Daily Archives: September 17, 2009

Lights, Camera, Action!

I belong to several wonderful writing groups, a few of them very focused on marketing. For some reason last week, the subject rolled around to book videos. 

Yes, aren’t they the coolest? But as I perused the many book videos floating on the web and connected to author’s sites, even though my “writer” self was dazzled, I found my “marketing” self cringe. Like many potentially successful marketing tools, I fear most book videos are mis-conceptualized, misdirected and mismanaged. 

I look at book videos (or Book Trailers) a lot because like everyone else; I want to make them for my books. Some of my favorite book videos are at http://www.expandedbooks.com/video/view/551 

The majority of them (in several genres) are 30 seconds and some are less. The purpose of these videos is to keep the viewers attention and entice them to buy the book. It’s about getting sales. 

Now, I completely understand the excitement and attraction to having a promotional video for our book. After all, we’re storytellers and love to tell our story any way we can. Book videos can serve as wonderful marketing vehicles if handled correctly … but I think we should explore a few things about communicating in this particular format. 

So before we fire up our handy-dandy moviemaker computer programs, I seriously think we need to keep in mind what a trailer really is.  

1) A book promotional video is a direct imitation of a movie trailer. AND a movie trailer is a direct application to reaching television viewers. When we watch television, unless it is a paid programming promo, the commercial is no longer than 30 seconds. It’s a pattern we’re conditioned to and that may be why most viewers of book trailers (including me) tend to get bored after 30 seconds. We’re programmed for 30 second clips. 

2) This 30 second format is the reason many children (and adults), no matter the subject or product, will suddenly still and pay attention to a good commercial. (I LOVE the new Mac/PC spots!) A 30 second space of time requires quick impact and clean images to reach the viewer. Some commercials are far better produced than most television shows we watch! 

3) As writers we’re always told to cut back, get more concise, tell the story efficiently. What’s the hardest thing we’re told to do? Write our elevator pitch! 25 words that encapsulate our story, clean, neat, polished. I strongly suggest it’s the same with promotional book videos. 

4) When a book video moves too slowly and tells me nothing for a long time, I tend to imagine that the book is the same. Slow, boring and dragging. This isn’t the impression we want to get across at all. 

My suggestions are: 

A) Treat your promotional book video the way you wrote your book. If it’s fast paced, make the trailer fast paced. If it’s emotional, say that clearly and right away. If the book has twists and turns, let the viewer know that visually and within 30 to 40 seconds

B) Keep it brief and powerful, within 30 to 40 seconds. I do understand that many subscribe to the idea that book videos are targeted to the music video audience, requiring 2 to 3 minutes of entertainment. If your book is paced to be an exciting book video that long, and you know how to create a 2 to 3 minute music video, by all means do it. Remember, it’s all about holding a viewers attention. My attention span for videos is usually 30 seconds and I move on to something else. If your video is going to be 2 to 3 minutes long … make sure the viewer is totally hooked in the first 30 seconds.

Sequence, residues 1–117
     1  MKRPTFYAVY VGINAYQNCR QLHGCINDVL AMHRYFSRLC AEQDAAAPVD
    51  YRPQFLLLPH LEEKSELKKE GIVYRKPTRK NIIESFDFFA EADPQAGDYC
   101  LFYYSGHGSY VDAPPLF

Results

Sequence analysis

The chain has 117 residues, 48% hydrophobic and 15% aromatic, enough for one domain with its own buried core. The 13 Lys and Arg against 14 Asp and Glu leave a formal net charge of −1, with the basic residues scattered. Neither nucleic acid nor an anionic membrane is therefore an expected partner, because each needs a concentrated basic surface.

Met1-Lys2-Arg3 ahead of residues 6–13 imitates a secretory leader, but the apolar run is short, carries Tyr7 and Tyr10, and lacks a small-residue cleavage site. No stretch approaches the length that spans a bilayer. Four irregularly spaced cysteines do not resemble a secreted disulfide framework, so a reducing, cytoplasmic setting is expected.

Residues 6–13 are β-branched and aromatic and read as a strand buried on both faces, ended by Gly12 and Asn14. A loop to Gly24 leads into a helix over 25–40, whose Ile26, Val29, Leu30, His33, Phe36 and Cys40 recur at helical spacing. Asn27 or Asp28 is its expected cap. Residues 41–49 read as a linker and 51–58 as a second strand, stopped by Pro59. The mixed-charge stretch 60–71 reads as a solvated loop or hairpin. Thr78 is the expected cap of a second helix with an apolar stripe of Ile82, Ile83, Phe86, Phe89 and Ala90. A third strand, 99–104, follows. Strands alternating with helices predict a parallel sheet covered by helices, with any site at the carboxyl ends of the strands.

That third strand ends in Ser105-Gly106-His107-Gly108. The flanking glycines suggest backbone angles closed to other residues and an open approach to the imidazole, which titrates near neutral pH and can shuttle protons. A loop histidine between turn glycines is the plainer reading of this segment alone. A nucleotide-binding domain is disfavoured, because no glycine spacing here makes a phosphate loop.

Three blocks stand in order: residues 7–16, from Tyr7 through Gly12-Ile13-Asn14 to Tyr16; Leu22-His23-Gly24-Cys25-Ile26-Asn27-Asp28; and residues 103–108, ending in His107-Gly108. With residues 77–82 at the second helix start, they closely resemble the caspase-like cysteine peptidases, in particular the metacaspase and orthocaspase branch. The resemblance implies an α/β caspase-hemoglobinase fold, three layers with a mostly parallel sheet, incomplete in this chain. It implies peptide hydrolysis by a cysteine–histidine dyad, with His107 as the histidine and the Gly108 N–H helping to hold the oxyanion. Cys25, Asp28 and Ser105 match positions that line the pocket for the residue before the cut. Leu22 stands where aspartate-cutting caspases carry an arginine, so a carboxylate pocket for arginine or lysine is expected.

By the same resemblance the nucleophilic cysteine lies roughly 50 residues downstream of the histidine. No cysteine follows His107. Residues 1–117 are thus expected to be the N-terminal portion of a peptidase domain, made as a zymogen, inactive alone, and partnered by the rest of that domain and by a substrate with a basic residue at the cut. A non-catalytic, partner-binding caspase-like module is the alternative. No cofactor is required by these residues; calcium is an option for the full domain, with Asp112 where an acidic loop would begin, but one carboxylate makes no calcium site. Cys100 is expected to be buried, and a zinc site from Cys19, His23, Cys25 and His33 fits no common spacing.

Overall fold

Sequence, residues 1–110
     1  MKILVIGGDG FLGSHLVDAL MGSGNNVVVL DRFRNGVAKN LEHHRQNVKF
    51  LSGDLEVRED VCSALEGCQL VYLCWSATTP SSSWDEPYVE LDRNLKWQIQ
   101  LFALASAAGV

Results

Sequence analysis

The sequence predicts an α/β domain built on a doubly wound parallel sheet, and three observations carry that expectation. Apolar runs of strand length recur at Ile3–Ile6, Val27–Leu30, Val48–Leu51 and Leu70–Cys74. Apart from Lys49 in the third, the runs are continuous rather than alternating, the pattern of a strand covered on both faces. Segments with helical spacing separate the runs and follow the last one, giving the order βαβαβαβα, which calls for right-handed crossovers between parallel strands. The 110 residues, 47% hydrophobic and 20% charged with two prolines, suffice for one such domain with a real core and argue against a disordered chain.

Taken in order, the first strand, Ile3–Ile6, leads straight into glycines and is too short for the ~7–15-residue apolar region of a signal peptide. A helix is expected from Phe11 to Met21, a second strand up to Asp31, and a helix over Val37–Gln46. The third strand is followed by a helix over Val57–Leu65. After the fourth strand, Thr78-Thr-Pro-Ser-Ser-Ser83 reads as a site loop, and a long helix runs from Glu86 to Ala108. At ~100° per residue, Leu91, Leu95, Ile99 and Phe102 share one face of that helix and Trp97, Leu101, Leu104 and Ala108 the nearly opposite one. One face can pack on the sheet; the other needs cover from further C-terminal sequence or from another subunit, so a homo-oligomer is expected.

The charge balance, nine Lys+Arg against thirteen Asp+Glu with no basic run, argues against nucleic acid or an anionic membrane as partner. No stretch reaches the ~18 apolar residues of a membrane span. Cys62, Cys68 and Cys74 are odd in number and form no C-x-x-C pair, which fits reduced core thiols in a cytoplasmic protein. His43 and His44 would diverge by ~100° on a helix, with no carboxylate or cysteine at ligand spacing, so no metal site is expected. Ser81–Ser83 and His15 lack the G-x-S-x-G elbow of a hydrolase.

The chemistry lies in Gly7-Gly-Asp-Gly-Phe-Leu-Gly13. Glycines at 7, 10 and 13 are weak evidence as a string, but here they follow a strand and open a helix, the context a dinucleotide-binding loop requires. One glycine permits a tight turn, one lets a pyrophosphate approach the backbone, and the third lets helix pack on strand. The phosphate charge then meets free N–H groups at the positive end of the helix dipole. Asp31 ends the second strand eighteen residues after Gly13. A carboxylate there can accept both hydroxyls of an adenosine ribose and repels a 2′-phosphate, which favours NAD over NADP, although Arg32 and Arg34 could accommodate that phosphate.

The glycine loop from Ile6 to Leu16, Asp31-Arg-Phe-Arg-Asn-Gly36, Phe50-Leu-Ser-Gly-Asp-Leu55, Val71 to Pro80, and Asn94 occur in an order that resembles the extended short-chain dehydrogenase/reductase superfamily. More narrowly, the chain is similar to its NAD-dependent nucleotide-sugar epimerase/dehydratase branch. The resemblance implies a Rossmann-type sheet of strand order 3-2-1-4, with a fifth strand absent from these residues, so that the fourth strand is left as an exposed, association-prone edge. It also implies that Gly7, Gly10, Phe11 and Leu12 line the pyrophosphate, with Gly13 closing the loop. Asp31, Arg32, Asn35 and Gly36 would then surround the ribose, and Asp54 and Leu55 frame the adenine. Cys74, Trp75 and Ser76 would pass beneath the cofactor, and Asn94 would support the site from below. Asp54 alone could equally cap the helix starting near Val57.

C) Be careful with the slow dissolve full screen verbiage. Think in terms of a movie trailer. They’ve got 30 seconds to excite the viewer about a 2 hour film and gain success at the box office. Like the open of your book, your trailer shouldn’t start as a snoozer. 

D) I have no issues with showing faces or using actors, as long as it gives the feeling of being professionally acted and videoed. 

E) Be careful with voiceover narration. Hire a professional or make sure it sounds professional. Write a narrator script as sharp and tight as your book. 

F) Be very, very careful of the music and images you use in your video. Just because something is on the worldwide web does not mean it’s ours to use. Familiarize yourself with licensing and the appropriate sites where images and music can be used or purchased as well as the limitations for that usage. 

G) The author’s website and the publisher’s website should be clearly shown at the end of a book video. Don’t forget a pocture of the book cover and a line stating where the book can be purchased. You’d be surprised how many book videos forget these critical elements! 

Yup. Done well, these book promotional videos are the greatest! 

And now for the bad news. 

So far, there’s no real proof or way to gauge whether having a book video actually helps sales. That doesn’t mean that it doesn’t, it simply means no one has figured out how to track sales in relation to book video viewership.  

I see book videos as just another vehicle for marketing. No matter how wonderful it is or how much time and/or money is spent on it, just popping them on YouTube isn’t all that effective. 

I don’t think every author and every book requires a book video, but having one may be very effective providing you create it well and promote it aggressively. It’s a new toy and until we all discover how to make it a viable moneymaker, it may never become super important to an author’s success. In fact, it has the threat of being a distraction from other, more efficient ways to gain sales. 

But hoh, man, they are so cool and I want one for Cold in California! I can just see it! Flaming torches, hot sex scenes, desperate vampire moments! So someone, anyone, chime in with book video success stories!